Inner Mongolia: Tensions Raise as Businesswoman Illegally Siezes Grazing Land
Land grab in Mongolia, the latest in a series of events threatening Mongolian herders way of life.
Below is an article published by the Tibetan Review:
TibetanReview.net, Jul26, 2011) Around 300 riot police and local officials were dispatched on Jul 18 to crackdown on more than 1,000 herders in Inner Mongolia who were protesting against their local government for allowing a Chinese businesswoman to illegally seize their land and kill their grazing livestock. The herders in Bairin Right Banner and Sharmurun Som (Chinese: Balin Youqi and Xilamulun Sumu) were demanding return of their land, reported RFA.org Jul 24, citing a statement from US-based Southern Mongolian Human Rights Information Center (SMHRIC).
The local Chinese businesswoman, surnamed Sui, was reported to have hired more than 200 Chinese thugs to kill livestock belonging to ethnic Mongolian herdsmen by running them over with cars and bulldozers, and also to beat up herdsmen who resisted the land grab.
The group has said one herder was brutally beaten while tending sheep in his grazing land while dozens of others were hospitalized.
In May, Inner Mongolia was hit by a serious, large-scale unrest with Mongolian herders protesting against rampant mining and resultant pollution and bullying by mining companies and their employees as well as lack of government sensitivity to their plight. The immediate cause was the killing of a Mongolian herder under the wheels of a coal mine truck.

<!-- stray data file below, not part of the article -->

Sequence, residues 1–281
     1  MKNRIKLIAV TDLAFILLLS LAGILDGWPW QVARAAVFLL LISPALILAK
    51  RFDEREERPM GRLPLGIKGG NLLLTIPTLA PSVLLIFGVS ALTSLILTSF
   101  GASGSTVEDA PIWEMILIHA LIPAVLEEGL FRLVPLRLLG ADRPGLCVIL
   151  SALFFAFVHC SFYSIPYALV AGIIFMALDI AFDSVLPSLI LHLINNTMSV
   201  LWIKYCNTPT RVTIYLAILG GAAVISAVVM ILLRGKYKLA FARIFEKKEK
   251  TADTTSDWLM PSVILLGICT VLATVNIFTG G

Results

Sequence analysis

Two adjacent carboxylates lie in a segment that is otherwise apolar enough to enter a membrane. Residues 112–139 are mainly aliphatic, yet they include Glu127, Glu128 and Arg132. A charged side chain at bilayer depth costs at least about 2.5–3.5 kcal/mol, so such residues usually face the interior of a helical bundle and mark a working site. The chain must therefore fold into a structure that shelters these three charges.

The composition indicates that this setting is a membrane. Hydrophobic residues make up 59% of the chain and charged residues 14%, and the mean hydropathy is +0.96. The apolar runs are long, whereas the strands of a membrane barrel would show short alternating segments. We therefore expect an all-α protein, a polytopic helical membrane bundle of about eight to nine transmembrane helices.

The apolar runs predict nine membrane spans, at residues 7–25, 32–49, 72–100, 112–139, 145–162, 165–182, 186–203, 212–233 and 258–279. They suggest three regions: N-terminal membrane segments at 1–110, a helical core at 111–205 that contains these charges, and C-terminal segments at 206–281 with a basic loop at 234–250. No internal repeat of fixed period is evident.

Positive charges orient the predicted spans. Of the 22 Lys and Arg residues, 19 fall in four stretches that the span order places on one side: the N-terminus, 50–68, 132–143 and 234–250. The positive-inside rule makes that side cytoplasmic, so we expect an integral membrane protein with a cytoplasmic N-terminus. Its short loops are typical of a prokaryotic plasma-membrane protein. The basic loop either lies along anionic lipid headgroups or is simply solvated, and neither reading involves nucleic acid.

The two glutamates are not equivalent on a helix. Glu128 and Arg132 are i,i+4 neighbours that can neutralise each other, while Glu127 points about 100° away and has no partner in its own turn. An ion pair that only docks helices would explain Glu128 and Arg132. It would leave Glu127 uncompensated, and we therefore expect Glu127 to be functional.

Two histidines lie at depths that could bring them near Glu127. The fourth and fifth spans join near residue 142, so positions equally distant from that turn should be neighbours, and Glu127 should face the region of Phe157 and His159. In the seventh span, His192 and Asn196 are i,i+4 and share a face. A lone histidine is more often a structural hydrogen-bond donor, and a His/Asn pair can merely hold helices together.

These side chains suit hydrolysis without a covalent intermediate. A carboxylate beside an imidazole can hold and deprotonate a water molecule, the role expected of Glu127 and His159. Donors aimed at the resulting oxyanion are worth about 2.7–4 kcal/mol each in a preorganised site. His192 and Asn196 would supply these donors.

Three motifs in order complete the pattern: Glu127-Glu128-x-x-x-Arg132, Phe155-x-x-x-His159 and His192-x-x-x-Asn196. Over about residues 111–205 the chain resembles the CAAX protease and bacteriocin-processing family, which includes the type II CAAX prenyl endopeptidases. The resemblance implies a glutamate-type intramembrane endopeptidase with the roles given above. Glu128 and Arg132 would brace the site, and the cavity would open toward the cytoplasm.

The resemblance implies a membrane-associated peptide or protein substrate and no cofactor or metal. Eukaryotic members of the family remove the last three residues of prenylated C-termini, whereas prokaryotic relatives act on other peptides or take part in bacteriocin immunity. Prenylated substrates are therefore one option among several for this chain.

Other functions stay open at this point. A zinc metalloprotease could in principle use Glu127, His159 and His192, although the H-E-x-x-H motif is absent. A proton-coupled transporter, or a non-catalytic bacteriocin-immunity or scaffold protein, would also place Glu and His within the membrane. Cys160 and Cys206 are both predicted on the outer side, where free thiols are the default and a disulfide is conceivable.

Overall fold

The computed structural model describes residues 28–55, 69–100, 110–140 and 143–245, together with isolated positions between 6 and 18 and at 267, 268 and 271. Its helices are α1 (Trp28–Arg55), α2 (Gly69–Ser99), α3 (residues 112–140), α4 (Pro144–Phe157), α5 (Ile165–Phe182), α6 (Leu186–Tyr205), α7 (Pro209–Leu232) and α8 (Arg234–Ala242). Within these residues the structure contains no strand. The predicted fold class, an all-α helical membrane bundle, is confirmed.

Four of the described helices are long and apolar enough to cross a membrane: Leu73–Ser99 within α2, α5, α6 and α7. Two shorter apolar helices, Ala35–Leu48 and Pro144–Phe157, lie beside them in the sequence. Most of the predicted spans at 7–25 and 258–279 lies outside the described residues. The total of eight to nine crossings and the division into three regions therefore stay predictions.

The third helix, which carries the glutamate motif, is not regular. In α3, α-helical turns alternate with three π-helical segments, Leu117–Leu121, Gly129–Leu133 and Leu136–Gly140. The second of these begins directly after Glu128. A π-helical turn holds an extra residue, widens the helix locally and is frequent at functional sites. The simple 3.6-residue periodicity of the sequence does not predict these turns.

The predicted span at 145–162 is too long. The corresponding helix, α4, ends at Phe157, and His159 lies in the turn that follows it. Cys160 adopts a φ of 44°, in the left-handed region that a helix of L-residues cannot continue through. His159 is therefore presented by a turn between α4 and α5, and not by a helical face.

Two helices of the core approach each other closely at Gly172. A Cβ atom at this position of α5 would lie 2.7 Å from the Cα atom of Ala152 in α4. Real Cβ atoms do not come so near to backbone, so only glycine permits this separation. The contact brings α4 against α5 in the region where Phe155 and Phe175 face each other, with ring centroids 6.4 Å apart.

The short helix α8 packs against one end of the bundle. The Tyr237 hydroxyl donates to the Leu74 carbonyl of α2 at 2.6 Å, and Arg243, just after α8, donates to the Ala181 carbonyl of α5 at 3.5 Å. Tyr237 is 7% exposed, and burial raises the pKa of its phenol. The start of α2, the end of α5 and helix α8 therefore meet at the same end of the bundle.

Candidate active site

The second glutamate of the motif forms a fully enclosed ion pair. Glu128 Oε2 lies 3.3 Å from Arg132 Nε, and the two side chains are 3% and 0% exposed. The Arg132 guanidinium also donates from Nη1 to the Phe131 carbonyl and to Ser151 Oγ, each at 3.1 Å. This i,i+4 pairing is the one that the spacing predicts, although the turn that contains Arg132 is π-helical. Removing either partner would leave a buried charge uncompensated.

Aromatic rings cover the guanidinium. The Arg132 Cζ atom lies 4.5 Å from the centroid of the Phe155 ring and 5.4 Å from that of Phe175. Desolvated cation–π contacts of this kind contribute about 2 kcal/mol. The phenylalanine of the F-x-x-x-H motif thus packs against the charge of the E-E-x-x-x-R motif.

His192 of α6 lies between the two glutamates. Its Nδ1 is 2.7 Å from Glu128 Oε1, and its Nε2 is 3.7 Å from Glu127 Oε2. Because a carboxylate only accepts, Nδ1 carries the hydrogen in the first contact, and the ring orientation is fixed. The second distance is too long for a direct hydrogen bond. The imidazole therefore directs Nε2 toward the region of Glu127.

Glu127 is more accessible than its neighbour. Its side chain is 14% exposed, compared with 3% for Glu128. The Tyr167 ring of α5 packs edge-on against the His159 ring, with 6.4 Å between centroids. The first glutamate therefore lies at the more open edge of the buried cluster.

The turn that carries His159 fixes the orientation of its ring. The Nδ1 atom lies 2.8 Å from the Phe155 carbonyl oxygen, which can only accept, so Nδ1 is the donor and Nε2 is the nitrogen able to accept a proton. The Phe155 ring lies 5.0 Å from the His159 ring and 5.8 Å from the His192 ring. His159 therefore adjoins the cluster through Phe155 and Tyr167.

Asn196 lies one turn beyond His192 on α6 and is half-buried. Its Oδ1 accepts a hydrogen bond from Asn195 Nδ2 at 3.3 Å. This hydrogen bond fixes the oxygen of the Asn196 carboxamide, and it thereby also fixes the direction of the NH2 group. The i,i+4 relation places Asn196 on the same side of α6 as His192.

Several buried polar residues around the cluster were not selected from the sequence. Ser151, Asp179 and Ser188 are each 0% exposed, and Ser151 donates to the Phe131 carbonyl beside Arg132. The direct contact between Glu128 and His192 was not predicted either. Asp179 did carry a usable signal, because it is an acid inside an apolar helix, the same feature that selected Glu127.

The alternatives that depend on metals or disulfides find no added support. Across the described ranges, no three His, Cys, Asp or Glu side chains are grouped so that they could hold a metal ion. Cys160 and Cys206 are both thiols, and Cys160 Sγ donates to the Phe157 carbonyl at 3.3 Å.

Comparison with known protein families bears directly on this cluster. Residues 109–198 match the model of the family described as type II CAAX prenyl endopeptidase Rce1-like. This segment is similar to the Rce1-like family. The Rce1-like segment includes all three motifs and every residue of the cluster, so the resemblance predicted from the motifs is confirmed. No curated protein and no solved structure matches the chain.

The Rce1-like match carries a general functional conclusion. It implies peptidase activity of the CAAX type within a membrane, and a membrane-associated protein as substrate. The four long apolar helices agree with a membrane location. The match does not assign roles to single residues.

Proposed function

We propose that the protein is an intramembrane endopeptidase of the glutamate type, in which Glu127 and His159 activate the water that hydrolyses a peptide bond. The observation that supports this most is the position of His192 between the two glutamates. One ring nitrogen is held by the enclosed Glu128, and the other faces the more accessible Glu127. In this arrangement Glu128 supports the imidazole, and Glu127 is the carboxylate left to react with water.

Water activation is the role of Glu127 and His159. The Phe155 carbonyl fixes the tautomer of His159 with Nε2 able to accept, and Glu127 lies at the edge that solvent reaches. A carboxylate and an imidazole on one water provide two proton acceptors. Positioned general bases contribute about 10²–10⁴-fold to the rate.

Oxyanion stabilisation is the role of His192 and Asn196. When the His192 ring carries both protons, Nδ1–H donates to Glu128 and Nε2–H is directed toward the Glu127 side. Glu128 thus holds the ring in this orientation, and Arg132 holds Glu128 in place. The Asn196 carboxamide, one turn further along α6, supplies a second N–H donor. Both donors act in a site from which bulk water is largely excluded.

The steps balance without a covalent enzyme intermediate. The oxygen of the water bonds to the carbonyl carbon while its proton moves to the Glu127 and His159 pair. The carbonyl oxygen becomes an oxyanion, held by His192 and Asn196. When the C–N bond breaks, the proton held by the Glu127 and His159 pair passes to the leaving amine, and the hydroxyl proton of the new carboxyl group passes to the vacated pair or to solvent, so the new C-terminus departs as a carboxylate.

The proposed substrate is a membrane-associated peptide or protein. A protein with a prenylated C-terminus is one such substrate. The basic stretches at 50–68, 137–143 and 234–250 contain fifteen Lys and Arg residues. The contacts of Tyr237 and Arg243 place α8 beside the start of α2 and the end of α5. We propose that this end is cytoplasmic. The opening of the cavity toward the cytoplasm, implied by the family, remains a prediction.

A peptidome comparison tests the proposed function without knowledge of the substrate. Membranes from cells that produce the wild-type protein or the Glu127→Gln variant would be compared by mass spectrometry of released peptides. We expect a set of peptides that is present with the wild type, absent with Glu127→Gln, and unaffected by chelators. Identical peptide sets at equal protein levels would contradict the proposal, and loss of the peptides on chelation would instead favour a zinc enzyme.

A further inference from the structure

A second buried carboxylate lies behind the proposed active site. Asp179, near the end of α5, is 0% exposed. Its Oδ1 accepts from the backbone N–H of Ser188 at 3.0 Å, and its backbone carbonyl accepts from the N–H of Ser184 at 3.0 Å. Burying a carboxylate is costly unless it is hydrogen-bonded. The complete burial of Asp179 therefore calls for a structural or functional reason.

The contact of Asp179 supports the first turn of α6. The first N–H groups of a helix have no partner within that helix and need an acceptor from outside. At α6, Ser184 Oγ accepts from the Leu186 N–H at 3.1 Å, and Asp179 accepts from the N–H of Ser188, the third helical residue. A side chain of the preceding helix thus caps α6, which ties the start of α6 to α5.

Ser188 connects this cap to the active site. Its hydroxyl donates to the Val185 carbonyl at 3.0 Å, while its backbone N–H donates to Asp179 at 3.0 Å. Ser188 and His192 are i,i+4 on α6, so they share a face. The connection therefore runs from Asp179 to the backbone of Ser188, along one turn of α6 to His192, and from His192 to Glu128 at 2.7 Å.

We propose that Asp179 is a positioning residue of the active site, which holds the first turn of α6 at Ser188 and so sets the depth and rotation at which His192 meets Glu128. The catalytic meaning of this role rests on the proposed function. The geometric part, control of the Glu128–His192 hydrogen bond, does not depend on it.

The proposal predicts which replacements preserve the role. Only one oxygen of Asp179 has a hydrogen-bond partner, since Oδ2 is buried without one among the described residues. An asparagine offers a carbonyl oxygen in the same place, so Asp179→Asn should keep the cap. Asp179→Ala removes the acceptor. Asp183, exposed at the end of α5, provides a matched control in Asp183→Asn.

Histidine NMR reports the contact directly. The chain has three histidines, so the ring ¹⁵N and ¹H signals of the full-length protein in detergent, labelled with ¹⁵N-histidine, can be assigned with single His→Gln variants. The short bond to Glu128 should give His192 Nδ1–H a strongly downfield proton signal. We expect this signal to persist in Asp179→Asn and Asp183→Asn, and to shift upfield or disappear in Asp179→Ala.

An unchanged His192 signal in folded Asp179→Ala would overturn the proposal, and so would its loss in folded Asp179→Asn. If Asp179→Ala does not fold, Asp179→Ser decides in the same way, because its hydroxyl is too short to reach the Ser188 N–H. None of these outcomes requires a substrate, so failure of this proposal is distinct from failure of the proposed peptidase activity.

Students and herders took to the streets to demand better protection of the environment and their rights and traditions, while Beijing sent in large numbers of troops to the affected northern areas of Inner Mongolia, and enforcing a security lock-in at schools, universities, and government institutions.
At the same time, China took measures to address the local people’s concerns, sentencing to death the truck driver involved in the killing of the herder and another one to life imprisonment while issuing new guidelines that require mining companies to include herders in their development plans.
Ethnic Mongolians in Inner Mongolia number around 6 million but make up less than 20 percent of its population due to Chinese immigration. The region is China's biggest coal-producer.